Fitting Matern spatial random fields in Stan

I started this thread a while ago and given that the topic is moving away from brms, I am starting this new thread.

The idea is to fit spatial random field following a Matern correlation in (R)Stan, based on the results from this article and using the SPDE approach to estimate the spatial effect followed by INLA we have:

y \sim N(\mu, \sigma)
\mu = \alpha + A * \beta
\beta \sim MVN(0, S^{-1})
S = \tau^2 * (\kappa^4 * C + 2 * \kappa^2 * G_1 + G_2)

Where \tau and \kappa are the scale and variance of the spatial effect, S is the precision matrix for the spatial effects \beta and A is a matrix projecting from the mesh (where the spatial effect are quantified) to the observations y.


Writing this model in Stan gives:

data {
  int<lower=0> N; // number of observations
  int<lower=0> n_knots; // number of interpolation points on the mesh
  matrix[n_knots, n_knots] G[3]; // FEM matrices
  matrix[N, n_knots] A; // projection matrix
  vector[N] y; // the observations
}
parameters {
  real mu; // the intercept 
  real<lower=0> sigma; // residual deviation
  real<lower=0> kappa; // variance of spatial effect
  real<lower=0> tau; // scale of spatial effect
  vector[n_knots] alpha; // std_normal draws for non-centered parametrization
}
transformed parameters {
  matrix[n_knots, n_knots] S; // precision matrix
  vector[n_knots] beta; // spatial coefficient
  S = (tau ^ 2) * (G[1] * kappa ^ 4 + G[2] * 2 * kappa ^ 2 + G[3]);
  beta = cholesky_decompose(S)' \ alpha;
  // implies beta ~ MVN(0, inverse(S))
}
model {
  alpha ~ std_normal();
  mu ~ normal(0, 1);
  sigma ~ lognormal(0, 1);
  kappa ~ lognormal(0, 1);
  tau ~ lognormal(0, 1);
  y ~ normal(mu + A * beta, sigma);
}

After simulating some data in R (see code at the end of the post), the model ended up with divergent transitions and low effective sample sizes. Looking at the pair plots it seems that the scale parameter (\tau) is especially problematic.

Hence my questions:

  1. Is the model correctly parametrized? The drawing of the \beta is based on this post which uses the inverse of the upper cholesky factor of the precision matrix for the non-centered parametrization.
  2. How to improve the sampling of \tau?

Now the R code to generate the data and fit the model:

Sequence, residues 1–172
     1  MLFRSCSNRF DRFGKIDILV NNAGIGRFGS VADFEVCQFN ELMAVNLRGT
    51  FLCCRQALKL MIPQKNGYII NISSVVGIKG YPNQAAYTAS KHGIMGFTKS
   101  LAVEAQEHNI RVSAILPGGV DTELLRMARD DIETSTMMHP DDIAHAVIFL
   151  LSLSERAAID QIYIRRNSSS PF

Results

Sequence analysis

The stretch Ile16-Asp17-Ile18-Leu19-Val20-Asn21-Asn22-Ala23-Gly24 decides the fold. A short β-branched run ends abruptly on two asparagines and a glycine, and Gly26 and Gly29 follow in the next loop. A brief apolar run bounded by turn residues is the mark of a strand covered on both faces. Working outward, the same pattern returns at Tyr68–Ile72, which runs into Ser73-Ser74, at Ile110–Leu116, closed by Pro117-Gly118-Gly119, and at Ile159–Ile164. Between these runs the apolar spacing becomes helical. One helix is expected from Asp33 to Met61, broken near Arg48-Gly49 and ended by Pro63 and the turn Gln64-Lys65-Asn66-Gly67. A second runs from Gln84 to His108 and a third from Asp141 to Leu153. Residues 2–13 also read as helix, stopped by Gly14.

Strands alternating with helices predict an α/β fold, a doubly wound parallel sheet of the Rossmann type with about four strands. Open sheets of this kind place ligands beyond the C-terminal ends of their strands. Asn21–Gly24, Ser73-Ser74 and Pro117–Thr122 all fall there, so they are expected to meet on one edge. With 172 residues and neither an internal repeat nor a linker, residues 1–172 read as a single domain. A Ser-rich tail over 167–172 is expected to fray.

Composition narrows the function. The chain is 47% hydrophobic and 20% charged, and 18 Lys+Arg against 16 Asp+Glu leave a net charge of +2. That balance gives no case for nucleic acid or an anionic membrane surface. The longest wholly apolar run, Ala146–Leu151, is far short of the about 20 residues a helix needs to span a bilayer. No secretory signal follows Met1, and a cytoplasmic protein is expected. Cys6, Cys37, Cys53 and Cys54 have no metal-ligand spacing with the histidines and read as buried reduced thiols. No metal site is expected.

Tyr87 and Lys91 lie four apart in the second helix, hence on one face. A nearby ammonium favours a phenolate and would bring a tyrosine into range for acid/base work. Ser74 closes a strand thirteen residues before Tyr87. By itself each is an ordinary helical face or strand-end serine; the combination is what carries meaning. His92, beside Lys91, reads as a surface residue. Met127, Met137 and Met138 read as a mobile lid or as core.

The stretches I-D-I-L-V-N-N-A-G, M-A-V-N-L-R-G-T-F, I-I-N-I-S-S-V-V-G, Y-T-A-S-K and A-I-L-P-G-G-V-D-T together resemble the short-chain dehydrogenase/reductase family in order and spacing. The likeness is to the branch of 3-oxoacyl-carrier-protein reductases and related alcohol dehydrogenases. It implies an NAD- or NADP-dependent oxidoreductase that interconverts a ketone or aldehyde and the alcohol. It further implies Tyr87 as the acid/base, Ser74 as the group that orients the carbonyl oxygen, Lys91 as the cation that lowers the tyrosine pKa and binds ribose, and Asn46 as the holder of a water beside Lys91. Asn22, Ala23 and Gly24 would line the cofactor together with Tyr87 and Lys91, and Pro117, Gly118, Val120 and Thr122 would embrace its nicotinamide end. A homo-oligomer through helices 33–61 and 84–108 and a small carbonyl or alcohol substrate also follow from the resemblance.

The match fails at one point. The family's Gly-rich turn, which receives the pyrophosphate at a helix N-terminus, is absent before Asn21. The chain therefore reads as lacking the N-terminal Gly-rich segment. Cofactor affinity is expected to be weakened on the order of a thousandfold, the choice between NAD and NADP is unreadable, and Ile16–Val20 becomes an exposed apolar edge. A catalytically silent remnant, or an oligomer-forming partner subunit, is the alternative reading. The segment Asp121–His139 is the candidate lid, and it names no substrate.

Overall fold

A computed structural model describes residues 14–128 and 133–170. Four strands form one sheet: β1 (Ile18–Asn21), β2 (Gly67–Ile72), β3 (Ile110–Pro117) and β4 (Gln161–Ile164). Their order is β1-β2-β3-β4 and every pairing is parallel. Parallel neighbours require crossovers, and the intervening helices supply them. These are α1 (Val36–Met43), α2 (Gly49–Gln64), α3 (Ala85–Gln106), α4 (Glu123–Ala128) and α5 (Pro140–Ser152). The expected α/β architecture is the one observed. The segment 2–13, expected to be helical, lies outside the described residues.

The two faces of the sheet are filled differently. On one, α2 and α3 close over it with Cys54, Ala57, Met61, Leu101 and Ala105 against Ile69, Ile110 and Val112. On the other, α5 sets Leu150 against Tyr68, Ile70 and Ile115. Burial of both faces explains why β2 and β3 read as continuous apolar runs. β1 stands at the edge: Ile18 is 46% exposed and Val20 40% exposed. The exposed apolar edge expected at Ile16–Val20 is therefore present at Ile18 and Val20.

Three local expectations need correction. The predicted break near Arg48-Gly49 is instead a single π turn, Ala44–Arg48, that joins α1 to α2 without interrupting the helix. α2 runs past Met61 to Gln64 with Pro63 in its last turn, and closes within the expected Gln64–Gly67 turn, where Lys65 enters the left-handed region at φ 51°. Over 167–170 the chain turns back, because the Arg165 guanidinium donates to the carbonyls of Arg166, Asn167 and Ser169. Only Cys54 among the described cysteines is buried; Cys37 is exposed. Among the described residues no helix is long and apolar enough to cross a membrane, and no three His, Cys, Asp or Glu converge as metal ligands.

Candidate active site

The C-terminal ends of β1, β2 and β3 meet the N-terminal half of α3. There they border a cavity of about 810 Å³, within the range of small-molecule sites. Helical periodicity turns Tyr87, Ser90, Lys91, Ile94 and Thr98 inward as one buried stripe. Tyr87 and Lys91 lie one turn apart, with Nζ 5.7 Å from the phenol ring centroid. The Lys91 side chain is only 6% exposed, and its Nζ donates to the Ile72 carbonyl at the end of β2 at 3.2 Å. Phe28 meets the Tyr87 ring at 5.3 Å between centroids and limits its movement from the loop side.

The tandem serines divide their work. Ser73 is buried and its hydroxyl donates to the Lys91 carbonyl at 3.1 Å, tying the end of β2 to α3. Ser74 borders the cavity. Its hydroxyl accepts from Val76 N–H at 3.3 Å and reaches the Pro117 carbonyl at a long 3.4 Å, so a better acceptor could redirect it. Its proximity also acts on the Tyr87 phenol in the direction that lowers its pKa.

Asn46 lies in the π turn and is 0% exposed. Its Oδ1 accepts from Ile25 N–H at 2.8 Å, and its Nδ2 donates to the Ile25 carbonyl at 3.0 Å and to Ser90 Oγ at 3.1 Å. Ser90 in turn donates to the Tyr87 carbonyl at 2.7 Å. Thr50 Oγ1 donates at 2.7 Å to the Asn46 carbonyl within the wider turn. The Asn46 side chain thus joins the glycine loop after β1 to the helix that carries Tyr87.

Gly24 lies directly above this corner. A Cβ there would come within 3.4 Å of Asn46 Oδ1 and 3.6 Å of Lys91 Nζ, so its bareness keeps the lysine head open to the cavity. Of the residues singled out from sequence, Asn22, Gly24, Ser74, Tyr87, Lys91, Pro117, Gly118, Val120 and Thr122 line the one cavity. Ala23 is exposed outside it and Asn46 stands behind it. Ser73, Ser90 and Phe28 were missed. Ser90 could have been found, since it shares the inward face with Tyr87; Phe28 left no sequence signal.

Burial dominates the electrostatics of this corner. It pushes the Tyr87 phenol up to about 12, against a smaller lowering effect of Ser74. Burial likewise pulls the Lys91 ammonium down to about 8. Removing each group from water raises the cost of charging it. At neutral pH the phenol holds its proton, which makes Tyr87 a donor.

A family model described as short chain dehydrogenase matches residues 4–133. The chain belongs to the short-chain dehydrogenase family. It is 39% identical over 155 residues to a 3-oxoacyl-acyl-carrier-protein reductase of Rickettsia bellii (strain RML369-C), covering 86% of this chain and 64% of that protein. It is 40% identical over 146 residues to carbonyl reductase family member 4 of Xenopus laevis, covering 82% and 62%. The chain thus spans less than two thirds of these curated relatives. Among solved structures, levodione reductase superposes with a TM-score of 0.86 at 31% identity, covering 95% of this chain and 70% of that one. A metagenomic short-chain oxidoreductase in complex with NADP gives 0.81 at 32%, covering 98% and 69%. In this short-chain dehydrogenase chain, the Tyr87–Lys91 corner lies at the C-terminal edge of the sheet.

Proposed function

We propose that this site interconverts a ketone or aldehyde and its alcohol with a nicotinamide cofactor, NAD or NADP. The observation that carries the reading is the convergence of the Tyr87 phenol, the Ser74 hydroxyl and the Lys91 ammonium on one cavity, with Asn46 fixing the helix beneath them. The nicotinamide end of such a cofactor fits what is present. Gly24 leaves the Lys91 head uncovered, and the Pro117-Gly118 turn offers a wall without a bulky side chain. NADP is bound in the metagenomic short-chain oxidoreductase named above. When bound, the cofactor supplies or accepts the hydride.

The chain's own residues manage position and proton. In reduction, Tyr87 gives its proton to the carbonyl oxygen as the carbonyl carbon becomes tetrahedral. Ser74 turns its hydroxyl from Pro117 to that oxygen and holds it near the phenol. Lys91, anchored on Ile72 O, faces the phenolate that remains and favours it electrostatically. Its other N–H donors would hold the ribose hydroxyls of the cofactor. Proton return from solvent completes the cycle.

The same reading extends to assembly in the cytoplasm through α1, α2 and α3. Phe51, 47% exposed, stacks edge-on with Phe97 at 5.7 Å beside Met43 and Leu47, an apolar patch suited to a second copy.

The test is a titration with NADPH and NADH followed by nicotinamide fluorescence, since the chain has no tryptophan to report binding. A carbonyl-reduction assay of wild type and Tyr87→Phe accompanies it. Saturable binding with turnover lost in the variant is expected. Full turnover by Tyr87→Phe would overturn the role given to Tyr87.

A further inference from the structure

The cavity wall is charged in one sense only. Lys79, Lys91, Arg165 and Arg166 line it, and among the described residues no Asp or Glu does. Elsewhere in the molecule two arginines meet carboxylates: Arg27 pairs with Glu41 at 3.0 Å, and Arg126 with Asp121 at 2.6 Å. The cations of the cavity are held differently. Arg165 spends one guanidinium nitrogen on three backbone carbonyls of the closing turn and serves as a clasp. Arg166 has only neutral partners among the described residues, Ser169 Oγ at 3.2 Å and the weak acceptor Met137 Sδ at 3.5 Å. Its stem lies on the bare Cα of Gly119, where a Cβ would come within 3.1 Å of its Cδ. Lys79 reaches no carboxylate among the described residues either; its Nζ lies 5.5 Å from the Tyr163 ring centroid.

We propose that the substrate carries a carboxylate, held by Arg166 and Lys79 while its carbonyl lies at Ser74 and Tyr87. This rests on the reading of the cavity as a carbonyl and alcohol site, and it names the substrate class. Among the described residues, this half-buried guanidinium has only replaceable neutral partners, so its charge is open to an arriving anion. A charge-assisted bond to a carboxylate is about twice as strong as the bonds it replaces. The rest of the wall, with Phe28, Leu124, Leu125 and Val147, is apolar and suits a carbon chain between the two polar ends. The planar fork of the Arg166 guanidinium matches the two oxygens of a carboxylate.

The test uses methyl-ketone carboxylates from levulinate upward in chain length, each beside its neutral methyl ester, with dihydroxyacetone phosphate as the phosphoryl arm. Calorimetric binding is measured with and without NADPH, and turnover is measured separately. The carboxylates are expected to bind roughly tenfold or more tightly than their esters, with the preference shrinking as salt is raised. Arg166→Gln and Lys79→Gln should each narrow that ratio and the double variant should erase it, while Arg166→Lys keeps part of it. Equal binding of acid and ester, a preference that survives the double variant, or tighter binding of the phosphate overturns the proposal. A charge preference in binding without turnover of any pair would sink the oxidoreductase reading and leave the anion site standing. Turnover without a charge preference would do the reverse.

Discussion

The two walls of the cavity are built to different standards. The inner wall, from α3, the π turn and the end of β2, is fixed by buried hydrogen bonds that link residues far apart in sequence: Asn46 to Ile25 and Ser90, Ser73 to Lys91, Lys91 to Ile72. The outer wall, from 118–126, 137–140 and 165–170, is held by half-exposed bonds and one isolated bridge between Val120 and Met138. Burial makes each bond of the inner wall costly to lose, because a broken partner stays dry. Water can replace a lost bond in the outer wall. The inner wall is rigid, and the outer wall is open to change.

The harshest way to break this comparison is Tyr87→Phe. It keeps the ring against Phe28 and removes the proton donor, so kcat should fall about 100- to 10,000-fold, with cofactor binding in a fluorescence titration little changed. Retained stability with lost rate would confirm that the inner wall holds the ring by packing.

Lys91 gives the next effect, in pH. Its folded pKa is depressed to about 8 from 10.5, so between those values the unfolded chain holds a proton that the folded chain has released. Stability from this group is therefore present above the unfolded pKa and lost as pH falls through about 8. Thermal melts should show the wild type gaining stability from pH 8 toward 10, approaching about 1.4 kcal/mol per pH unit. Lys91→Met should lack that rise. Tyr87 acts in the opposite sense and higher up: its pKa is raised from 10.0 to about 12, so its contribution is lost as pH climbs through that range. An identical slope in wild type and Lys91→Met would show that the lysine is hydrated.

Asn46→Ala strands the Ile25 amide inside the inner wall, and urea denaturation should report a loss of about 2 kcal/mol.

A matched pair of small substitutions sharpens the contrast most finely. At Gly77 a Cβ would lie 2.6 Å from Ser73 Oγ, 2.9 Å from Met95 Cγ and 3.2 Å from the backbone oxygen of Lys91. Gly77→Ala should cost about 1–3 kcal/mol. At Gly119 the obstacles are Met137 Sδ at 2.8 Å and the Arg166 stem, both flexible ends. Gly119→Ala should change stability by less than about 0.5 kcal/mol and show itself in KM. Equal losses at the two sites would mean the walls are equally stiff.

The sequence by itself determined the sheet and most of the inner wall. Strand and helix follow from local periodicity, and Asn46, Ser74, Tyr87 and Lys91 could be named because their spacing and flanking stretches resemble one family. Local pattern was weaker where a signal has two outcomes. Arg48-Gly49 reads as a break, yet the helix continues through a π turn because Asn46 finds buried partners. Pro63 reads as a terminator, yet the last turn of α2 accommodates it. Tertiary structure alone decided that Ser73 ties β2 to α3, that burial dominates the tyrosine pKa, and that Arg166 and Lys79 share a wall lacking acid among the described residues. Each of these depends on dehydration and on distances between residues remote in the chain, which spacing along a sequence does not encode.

library(rstan)
library(INLA)
library(RandomFields)

# generate 100 x/y coordinates
dat <- data.frame(x = runif(100),
                  y = runif(100))

# make a spatial random field
spat_field <- raster::raster(RFsimulate(RMmatern(nu=1, var = 1, scale = 0.1),
                         x = seq(0, 1, length.out = 100),
                         y = seq(0, 1, length.out = 100),
                         spConform = FALSE))

# draw response values
dat$resp <- rnorm(100, mean = 1 + raster::extract(spat_field, dat), sd = 1)

# the boundary of the spatial field
bnd <- inla.mesh.segment(matrix(c(0, 0, 1, 0, 1, 1, 0, 1), 4, 2, byrow = TRUE))

# a coarse mesh
mesh <- inla.mesh.2d(max.edge = 0.2,
                     offset = 0,
                     boundary = bnd)

# derive the FEM matrices
fem <- inla.mesh.fem(mesh)
# put the matrices in one object
G <- array(c(as(fem$c1, "matrix"),
             as(fem$g1, "matrix"),
             as(fem$g2, "matrix")),
          dim = c(mesh$n, mesh$n, 3))
G <- aperm(G, c(3, 1, 2))

# derive the projection matrix
A <- inla.spde.make.A(mesh, loc = as.matrix(dat[,c("x", "y")]))
A <- as(A, "matrix")

# put all R object into a list
dat_stan <- list(N = nrow(dat),
                 y = dat$resp,
                 n_knots = mesh$n,
                 G = G,
                 A = A)

# fit the model
m <- stan("Programming_stuff/spde_mgcv/spde_stan_new.stan",
          data = dat_stan,
          pars = c("mu", "sigma", "kappa", "tau"))

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I haven’t checked whether the model is correctly parameterized (seems ok), but maybe it helps to parameterize \tau and \kappa in terms of spatial range and standard deviation, as in Equation (4) to (7) of Lindgren and Rue (2015).

Lindgren, F., & Rue, H. (2015). Bayesian Spatial Modelling with R-INLA. Journal of Statistical Software , 63 (19), 1–25. Bayesian Spatial Modelling with R-INLA | Journal of Statistical Software

1 Like

HI!

As say @nikuehn, a best option could be parameterizer the spatial random field using the range (\rho) and the spatial standard deviation (\sigma_s). You could start trying with a Gamma or Exponential prior for those parameters.

Best wishes

1 Like